• Decide on a clear and general definition of Random Variables which fits well into this structure.
• Collect algorithms for future coding.
• Collect uses cases and requirements from statisticians and educators

### Prior to First Review, July 15

At this point I hope to have a working and self consistent implementation of Random Variables. I do not expect it to be fully integrated with all parts of SymPy nor fully tested. Basic support should include:

• Discrete and Continuous RVs
• Binary Operations like +, *, inv, Relationals (no longer bools!)
• Standard Unary Functions like (Sin, Exp, Log) and their compositions
• RV's defined on multi-dimensional probability spaces
• Ensure all common distributions accounted for (Normal, Uniform, Discrete, Correlated Multivar, Pareto, T, ..., see scipy.stats)

Some basic functionality follows

>>> d1,d2,d3 = Die(6), Die(6), Die(6) # Three six-sided dice
>>> dice = d1+d2+d3; print dice.pdf()
{2: 1/36, 3: 1/18, ... }
>>> even = dice % 2 == 0;
>>> (dice|(d1==3 and d2==3)).pdf() # pdf of dice given d1 and d2 both came up 3
{7: 1/6, 8: 1/6, 9: 1/6, ... }
>>> (even | dice >=17).pdf() # pdf of evenness given dice sum to 17 or greater
{True: 1/4, False: 3/4}
...
>>> pspace1 = ProbabilitySpace(Normal(0,1)) # Probability space over the reals
>>> pspace2 = ProbabilitySpace(Normal(0,1)) # A different space of events
>>> X = RandomVariable(pspace1);
>>> print log(X).pdf()
2**(1/2)*Abs((1 - x**2)**(-1/2))*exp(-asin(x)**2/2)/(2*pi**(1/2))
>>> Y = RandomVariable(pspace2); Z = RandomVariable(pspace1);
>>> assert X-Y == Normal(0,sqrt(2)) # independent
>>> assert X-Z == Zero  # dependent (same pspace)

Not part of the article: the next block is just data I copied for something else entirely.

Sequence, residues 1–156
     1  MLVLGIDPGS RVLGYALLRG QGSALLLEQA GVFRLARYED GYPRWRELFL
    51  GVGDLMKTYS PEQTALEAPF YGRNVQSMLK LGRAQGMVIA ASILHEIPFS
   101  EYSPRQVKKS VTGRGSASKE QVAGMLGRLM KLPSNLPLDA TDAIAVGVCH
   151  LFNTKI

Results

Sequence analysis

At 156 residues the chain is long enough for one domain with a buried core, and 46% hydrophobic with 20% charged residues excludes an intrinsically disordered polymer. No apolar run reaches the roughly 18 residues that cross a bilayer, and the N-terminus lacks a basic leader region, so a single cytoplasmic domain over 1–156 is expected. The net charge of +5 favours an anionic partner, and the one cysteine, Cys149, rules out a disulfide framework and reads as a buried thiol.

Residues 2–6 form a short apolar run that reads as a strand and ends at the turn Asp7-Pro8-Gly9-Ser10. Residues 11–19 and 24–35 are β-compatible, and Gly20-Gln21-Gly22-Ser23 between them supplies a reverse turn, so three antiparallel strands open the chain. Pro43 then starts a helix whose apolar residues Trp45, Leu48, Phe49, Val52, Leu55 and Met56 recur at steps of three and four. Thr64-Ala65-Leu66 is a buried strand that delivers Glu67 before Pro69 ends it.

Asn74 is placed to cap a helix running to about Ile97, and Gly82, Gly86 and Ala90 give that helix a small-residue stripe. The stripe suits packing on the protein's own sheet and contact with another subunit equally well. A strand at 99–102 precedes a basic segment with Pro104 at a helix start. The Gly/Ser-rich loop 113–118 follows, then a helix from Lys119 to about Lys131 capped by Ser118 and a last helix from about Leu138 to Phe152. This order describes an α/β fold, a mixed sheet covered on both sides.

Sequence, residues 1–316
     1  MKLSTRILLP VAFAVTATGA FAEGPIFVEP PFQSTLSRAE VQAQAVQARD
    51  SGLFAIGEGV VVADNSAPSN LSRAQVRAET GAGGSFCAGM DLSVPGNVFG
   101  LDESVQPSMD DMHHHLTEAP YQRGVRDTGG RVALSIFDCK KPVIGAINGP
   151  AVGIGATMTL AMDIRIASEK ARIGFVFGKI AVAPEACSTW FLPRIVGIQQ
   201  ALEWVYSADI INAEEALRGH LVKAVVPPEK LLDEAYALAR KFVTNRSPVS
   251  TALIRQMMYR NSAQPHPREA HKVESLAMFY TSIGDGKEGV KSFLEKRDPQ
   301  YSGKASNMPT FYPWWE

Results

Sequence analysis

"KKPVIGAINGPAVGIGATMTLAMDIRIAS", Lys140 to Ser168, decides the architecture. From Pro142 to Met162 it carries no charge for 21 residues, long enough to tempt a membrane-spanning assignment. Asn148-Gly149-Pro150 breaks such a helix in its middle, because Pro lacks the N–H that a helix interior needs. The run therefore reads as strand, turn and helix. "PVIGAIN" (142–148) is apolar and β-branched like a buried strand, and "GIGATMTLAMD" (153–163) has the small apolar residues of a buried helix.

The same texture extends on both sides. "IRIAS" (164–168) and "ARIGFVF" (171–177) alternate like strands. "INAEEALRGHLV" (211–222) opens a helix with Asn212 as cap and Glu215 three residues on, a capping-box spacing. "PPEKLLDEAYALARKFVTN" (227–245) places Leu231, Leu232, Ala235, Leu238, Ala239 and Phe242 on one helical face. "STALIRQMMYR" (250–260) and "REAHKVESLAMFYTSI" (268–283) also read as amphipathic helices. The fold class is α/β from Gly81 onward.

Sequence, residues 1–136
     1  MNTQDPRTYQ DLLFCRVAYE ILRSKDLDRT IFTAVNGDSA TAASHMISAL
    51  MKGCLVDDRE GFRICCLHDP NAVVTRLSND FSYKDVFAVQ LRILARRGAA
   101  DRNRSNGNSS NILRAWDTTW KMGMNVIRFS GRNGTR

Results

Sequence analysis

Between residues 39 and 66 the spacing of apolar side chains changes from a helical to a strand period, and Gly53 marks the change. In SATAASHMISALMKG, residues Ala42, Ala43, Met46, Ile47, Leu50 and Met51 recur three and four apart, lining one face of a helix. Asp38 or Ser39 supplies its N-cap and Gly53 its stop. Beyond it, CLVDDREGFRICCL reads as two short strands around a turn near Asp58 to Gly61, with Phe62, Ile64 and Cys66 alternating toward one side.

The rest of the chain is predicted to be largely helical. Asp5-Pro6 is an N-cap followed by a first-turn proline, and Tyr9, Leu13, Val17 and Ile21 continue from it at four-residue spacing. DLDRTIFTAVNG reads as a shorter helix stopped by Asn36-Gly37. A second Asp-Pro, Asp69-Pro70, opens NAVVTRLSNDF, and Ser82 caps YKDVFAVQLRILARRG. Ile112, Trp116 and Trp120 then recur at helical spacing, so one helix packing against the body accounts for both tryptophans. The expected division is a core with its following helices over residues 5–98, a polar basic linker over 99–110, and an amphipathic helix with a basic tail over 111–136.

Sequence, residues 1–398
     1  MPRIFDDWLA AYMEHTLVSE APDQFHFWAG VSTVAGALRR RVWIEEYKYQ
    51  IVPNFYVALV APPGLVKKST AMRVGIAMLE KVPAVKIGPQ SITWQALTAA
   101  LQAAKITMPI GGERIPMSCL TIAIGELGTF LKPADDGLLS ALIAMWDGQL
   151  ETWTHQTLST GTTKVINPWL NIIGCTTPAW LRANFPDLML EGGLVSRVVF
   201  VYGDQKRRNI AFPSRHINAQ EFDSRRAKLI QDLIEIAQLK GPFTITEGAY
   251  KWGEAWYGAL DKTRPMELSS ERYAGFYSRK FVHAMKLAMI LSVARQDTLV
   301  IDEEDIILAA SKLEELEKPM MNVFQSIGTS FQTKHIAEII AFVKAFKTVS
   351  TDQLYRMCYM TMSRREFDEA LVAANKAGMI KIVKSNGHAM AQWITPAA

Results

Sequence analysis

>>> W = X*Y #two dimensional normal distribution

### Prior to Second Review, August 15

Integrate Random Variables gracefully into other parts of SymPy. The goal is to leverage existing SymPy functionality to make Random Variables powerful. This is likely to be the most challenging part of the project. This work will likely continue past the Summer.

• Linear algebra
• Physics / Quantum
• Numerical Evaluation / Code generation
• Logic, Hypothesis testing
>>> sigma = Matrix([RandomVariable(Normal(0,eps)) for i in range(n)]) # Column Vector of i.i.d. noise
>>> X,y = CollectMeasurementData() # Linear Regression Model y = X*beta + sigma. X,y, known (not random)
>>> Beta = inv(X.T*X) * X.T*(y-sigma) # Solve for beta (model parameters)
>>> covariance(Beta)
...

## Logistics/Disclaimers/Errata

Starting in August I'll have a second time commitment and my hours will decrease a bit (I expect to 30 hours/week). I'm free all of September and am happy to make up lost time then.

I am a mostly self-taught coder. I suspect that the theoretical and programming aspects of this project will be well within my abilities. Where I'm hoping to grow is in coding practices - i.e. testing, style, and general responsibility. My goal for this project is to build a body of code to very high standards - this will be new for me however and I'll probably need some help.

For personal information see my webpage. For a list of publications and work experience see my CV. For other information please feel free to contact me directly.

## References

Wikipedia Article

Wolfram Mathworld Article

Current SymPy Statistics Functionality

Uncertainties in Python

Maple Random Variables Help page

Mathematica Continuous Probability Distributions Help page

SciPy Stats Reference Page

Algorithm to Handle Multiplication of Continuous Random Variables

APPL, A Probability Programming Language